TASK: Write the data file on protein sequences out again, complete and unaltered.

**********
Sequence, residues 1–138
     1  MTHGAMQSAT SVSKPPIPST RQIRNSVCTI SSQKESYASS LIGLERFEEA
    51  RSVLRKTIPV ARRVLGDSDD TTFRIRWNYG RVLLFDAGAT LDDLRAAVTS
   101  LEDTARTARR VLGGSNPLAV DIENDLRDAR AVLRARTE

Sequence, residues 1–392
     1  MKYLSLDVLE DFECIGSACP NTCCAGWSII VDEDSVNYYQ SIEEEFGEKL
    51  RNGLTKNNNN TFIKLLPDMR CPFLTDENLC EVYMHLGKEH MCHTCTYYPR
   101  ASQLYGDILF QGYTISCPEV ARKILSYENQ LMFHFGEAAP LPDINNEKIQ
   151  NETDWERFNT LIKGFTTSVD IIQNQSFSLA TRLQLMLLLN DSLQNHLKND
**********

Sequence, residues 1–138
     1  MTHGAMQSAT SVSKPPIPST RQIRNSVCTI SSQKESYASS LIGLERFEEA
    51  RSVLRKTIPV ARRVLGDSDD TTFRIRWNYG RVLLFDAGAT LDDLRAAVTS
   101  LEDTARTARR VLGGSNPLAV DIENDLRDAR AVLRARTE

Sequence, residues 1–392
     1  MKYLSLDVLE DFECIGSACP NTCCAGWSII VDEDSVNYYQ SIEEEFGEKL
    51  RNGLTKNNNN TFIKLLPDMR CPFLTDENLC EVYMHLGKEH MCHTCTYYPR
   101  ASQLYGDILF QGYTISCPEV ARKILSYENQ LMFHFGEAAP LPDINNEKIQ
   151  NETDWERFNT LIKGFTTSVD IIQNQSFSLA TRLQLMLLLN DSLQNHLKND